My screenwriting teacher would never let us talk about films that were less than five years old. The relevance of a film is not evident until it has aged enough to escape the mileau under which it was released. We all have certain films that we loved as kids but in review don't seem to hold up well. It's not the film that has changed but the wave it rode in on. Last night I watched Terrence Malick's Badlands. This is a film that holds up extremely well. It is very contemporary in style and tone. I'll let you decide what modern films it reminds you of. Sofia Coppola stated that while writing Lost in Translation, she was focused less on plot and more on creating moments that add up to a feeling. This seems to be Malick's approach as well. The dialog is revelatory but not to plot and not really to character. It seems to be indirectly in the service of tone and mood. The dialogue is also very risky because it is very deadpan and dumbed down. Martin Sheen's character is fascinating because he seems unmotivated by anything. Watching it last night I realized that his actions were totally unpredictable to me because they were unpredictable to him. There is a point near the end however when he seems to have an epiphony about his purpose. This becomes one of my favorite scenes in all of film and in a strange way, satisfying.

One side note: if you watch the scene at the end where he is riding with the cops, you realize that David Fincher stole more than the blocking for this scene for use in Seven. I wouldn't be surprised if Andrew Kevin Walker didn't have it in mind while writing it.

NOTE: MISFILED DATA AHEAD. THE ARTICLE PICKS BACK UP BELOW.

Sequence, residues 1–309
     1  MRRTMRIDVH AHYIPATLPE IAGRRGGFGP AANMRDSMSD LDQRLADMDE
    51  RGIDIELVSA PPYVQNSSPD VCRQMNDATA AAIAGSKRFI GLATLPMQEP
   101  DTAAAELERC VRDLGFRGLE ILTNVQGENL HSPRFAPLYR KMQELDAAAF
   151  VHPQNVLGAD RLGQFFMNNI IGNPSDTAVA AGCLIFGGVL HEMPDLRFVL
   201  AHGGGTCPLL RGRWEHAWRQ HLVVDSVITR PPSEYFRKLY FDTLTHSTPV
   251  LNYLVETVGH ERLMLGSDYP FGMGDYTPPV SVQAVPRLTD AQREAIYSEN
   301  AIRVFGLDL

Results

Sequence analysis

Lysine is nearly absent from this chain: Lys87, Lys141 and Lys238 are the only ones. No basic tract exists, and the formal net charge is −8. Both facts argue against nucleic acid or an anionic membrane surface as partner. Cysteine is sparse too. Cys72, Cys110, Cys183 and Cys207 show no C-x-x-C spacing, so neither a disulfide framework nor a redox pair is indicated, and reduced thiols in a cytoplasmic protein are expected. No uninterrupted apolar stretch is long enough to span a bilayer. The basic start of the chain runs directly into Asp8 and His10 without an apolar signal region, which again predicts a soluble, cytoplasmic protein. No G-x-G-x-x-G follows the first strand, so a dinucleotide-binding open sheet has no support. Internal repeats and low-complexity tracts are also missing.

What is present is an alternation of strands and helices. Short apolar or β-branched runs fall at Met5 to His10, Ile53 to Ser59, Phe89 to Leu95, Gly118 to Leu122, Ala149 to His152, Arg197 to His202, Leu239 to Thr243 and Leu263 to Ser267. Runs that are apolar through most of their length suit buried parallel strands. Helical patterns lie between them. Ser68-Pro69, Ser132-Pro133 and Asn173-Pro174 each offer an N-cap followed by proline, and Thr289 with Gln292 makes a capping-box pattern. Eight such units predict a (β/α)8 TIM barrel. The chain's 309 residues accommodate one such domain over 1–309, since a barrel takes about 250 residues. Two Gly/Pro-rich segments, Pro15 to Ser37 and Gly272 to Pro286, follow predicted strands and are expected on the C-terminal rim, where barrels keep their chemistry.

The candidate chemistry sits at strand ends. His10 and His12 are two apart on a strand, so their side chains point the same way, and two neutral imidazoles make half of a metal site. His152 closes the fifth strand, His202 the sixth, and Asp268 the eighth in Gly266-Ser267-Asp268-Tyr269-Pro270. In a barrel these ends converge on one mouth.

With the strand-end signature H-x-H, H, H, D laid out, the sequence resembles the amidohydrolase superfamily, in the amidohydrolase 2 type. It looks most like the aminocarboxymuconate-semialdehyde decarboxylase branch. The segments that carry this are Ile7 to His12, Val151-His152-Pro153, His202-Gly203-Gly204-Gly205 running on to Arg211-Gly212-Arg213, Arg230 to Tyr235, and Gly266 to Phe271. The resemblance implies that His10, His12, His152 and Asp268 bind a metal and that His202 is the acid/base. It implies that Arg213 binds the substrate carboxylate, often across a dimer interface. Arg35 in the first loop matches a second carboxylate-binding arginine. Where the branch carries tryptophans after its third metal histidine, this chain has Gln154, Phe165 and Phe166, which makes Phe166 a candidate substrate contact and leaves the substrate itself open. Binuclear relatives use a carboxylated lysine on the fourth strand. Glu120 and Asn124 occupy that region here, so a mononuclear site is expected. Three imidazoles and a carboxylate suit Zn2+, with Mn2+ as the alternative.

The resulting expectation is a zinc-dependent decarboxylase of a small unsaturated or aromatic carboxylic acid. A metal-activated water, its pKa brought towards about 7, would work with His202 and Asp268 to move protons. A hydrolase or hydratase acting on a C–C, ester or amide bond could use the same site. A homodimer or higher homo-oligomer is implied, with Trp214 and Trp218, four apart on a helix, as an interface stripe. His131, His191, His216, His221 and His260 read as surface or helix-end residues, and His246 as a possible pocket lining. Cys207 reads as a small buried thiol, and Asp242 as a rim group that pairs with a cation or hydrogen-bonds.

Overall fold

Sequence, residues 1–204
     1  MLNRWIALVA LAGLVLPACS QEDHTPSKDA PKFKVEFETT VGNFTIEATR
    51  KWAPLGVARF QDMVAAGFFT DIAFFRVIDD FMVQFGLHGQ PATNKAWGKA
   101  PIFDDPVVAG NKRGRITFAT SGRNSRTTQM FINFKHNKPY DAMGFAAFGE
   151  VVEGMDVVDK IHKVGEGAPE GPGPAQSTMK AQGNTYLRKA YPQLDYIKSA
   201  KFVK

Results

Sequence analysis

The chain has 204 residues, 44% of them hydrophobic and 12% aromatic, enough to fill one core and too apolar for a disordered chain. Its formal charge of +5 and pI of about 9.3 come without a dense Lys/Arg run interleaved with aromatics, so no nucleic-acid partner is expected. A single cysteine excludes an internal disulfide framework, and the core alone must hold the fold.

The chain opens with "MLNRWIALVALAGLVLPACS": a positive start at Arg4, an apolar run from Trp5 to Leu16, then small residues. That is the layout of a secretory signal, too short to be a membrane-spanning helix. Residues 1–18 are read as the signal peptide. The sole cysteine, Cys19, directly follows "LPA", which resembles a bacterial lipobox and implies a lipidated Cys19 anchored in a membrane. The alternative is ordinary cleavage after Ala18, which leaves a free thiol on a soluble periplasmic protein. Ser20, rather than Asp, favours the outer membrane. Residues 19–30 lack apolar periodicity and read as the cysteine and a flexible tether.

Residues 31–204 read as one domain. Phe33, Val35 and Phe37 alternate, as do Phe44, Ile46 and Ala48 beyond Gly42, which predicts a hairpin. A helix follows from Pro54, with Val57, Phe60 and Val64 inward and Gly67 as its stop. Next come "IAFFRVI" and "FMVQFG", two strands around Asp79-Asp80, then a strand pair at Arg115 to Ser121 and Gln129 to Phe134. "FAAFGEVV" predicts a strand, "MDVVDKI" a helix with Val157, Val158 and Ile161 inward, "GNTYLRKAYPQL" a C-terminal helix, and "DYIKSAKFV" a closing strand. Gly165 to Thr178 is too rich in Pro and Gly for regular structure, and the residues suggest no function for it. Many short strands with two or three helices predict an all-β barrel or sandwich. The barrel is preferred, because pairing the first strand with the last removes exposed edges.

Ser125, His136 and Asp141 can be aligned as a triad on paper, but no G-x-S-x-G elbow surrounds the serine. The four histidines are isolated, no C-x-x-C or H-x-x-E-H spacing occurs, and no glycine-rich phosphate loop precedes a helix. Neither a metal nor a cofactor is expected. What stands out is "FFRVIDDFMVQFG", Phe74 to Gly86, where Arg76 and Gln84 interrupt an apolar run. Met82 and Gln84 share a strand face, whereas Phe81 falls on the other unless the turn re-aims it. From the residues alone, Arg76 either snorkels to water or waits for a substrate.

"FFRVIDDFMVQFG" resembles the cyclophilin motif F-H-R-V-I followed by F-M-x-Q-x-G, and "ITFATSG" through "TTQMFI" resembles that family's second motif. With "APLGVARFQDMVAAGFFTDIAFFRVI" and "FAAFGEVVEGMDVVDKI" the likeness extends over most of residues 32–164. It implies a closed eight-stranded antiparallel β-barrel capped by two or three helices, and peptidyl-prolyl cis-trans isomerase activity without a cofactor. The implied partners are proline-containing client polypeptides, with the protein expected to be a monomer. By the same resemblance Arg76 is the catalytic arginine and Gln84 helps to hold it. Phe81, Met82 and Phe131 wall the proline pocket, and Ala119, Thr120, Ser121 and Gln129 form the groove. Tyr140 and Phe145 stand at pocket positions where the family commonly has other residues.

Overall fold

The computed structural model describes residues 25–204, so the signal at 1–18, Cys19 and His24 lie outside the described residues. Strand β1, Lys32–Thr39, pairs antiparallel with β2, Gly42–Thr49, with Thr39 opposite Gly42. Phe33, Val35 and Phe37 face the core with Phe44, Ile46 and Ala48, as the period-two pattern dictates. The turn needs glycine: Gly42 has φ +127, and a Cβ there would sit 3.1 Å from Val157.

Wednesday, March 08, 2006

Chronic-what-cles of Narnia

The Chronicles of Narnia took me to a dreamworld of magic, and I must admit that one vehicle that helped take me there was Tumnus's nappy body hair. Allow me to explain. I love the C.S. Lewis books, and was a bit worried that the movie wouldn't be sayisfying (as I felt with all Harry Potter movies). However, Narnia felt real, and the movie made me want to pack my family and move there almost as much as the book did. I loved the landscapes, the beavers were amazing, and Tumnus's body hair made everything more believable. I'm glad they didn't try to make him stately or beautiful, and I loved him for the same reason Lucy did--not for his pasty skin, but for being the first friend in Narnia and for making it all believable.

Aslan was great, the queen was evil and scary, and the adaptation was tastefully cinematic. I don't totally remember if Peter's acting bugged me, but maybe it did. But let's be nice--they're just kids. Overall a delightful movie that I would love to see again (and take my kids to if they were old enough).

Tuesday, March 07, 2006


One must have a heart of stone to read the death of little Nell without laughing.
---- Oscar Wilde

I know some people loved Crash. Maybe some people on this list. And I would agree that certain scenes were great. I loved Matt Dillon' s part. But I couldn't get over the scene where the Mexican dad gives his daughter, who's scared of gangs, a fairy designed bullet proof cloak.

As an audience, we know that she's going to get shot, so I don't think it works dramatically. But what kind of a dad would give his daughter that? My son is afraid of cars but I'm not about to give him an invisible car proof cloak. That would be just asking for him to play in the street.

Also I had a hard time believing in a world where every conflict takes twenty seconds before ethnic slurs are flying. Maybe it's like that in Los Angeles, but I doubt it.

This was my least favorite of the five films up for an academy award.

Monday, March 06, 2006

Last Days